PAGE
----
5. Fill a shallow dish or 1/4 sheet baking pan with sanding sugar (1/2 C should do it for you).  One-at-a-time, place dough log into pan and roll back and forth until the log is covered in sugar.
  6. Wrap logs tightly in plastic or parchment paper and freeze for at least 3 hours.  Dough can be made up to 2 months ahead. Keep frozen.
  7. Arrange racks in top and bottom thirds of oven; preheat to 375°. Line 3 baking sheets with parchment paper or silicone baking mats.
  8. Bake 2 sheets of cookies, rotating the sheets from top to bottom and front to back after 6 minutes, until tops are golden brown and centers are almost firm, 11-13 minutes. Transfer cookies to wire racks and let cool. Repeat with third sheet of cookies

Open (your mouth) says me!

Today, we move away from the gluten free toward the exotic (not that the two have to be mutually exclusive).  All year I’ve been trying to make my way back to Yotam Ottolenghi and Sami Tamimi’s cookbook Jerusalem.  Their chocolate krantz cakes remain one of my favorite recipes for 2013.  So, I was happy to  finally find some space to tackle one of the many recipes I’ve dog eared.

This recipe is all about the sesame.  Tahini to be specific.  Until now, I’d always associated the seed paste with savory–most notably as a key ingredient in hummus.  However, after experimenting with black sesame in ice cream and macarons, I knew these little seeds had the ability to transition like champs.  And so, by transitive property, should their paste.

I found tahini in a larger, local grocery store in the international foods section (a sort of antiquated descriptor that always brings to my mind 1970s housewives and canned chow mein noodles).  The recipe calls for light tahini paste but I could only find regular.  As a note–double check the ingredients before purchasing.  I assumed tahini paste and tahini sauce were the same thing. Not so much.  Tahini sauce has garlic in it.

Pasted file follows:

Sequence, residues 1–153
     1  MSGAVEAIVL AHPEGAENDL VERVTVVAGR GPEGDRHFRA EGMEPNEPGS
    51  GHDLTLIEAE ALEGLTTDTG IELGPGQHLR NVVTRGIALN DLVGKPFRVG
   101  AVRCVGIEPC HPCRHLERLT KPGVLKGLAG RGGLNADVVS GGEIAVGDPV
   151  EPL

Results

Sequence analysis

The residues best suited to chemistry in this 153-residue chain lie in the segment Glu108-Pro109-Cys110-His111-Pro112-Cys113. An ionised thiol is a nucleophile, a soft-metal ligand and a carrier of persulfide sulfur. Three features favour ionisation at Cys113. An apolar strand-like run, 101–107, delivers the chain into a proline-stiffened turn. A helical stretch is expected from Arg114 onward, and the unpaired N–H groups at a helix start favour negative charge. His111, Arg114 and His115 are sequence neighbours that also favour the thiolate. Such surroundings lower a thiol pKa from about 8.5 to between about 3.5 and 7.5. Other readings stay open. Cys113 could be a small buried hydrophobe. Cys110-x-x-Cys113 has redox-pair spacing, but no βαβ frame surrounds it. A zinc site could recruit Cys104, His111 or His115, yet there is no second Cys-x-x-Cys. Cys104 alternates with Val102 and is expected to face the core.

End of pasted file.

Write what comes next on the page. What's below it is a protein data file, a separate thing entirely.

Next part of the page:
This is a sticky dough that is  finished unusually by dumping it out of the mixer and kneading it a few times until everything is just combined.

I’ll admit, I used a food scale to get uniformly-sized cookies.

I wasn’t following directions closely enough and added the cinnamon with the other dry ingredients rather than dusting each raw cookie with a sprinkle.  Oops.  So, I improvised the garnish and sprinkled the tops of each with a few sesame seeds.

These cookies have a very mild, slightly nutty taste with just a touch of spice and a texture that begs them to be enjoyed with a cup of tea.

I have a sneaking suspicion that these little goodies will make their way into my holiday baking this year.

As for open says me.  Or, open sesame rather.  I remember learning the origins of this phrase in a folklore course I took in college.  I can remember the quarter I took the class, where I sat and the professor’s pointy beard.  I also remember the lecture was used as a way of demonstrating how certain phrases are mythologized well before their supposed first appearance, in this case in Ali Baba and the Forty Thieves from One Thousand and One Nights.  What I can’t remember of course, is the original story.  So, I went with Popeye and completely bastardized the magical words, a-ga-ga-ga-ga-ga-ga.

If you like this you might like these

Black Sesame Ice Cream

Black Sesame Macarons

Tahini Cookies

from Jerusalem by Yotam Ottolenghi and Sami Tamimi


  • 2/3 C /130 g superfine sugar
  • 2/3 C/ 150 g unsalted butter at room temp.
  • scant 1/2 C/ 110 g light tahini paste (fully leaded worked well too)
  • 1/2 tsp vanilla
  • 5 tsp / 25 ml heavy cream
  • 2 C  + 1 1/2 TBS / 270 g all-purpose flour
  • 1 tsp ground cinnamon
  • sesame seeds to sprinkle on top if desired


  1. Preheat oven to 400 degrees and line 2 sheet pans with parchment.
  2. Cream together sugar and butter in a stand mixer or use hand mixer on medium speed for 1 minute.
  3. With the machine running, add-in tahini, vanilla and cream until combined.
  4. Add-in flour and mix for one-minute until the dough comes together.
  5. Transfer to a work surface and knead until smooth.
  6. Pinch-off 2/3 ounce / 20 g / 1 1/2 TBS dough and roll into a ball.  Use the back of a fork to push down lightly on top of the ball so that it flattens just slightly and takes on the tine marks.
  7. Place on lined baking sheet and sprinkle with cinnamon and sesame seeds.
  8. Continue with the remaining dough, spacing cookies about 1 1/4 inches apart (they won’t spread much).
  9. Bake for 15-17 minutes until golden brown (watch the bottoms of the cookies).
  10. Cool before serving.  Will keep in sealed container for up to 10 days.

Snickerdoodles on steroids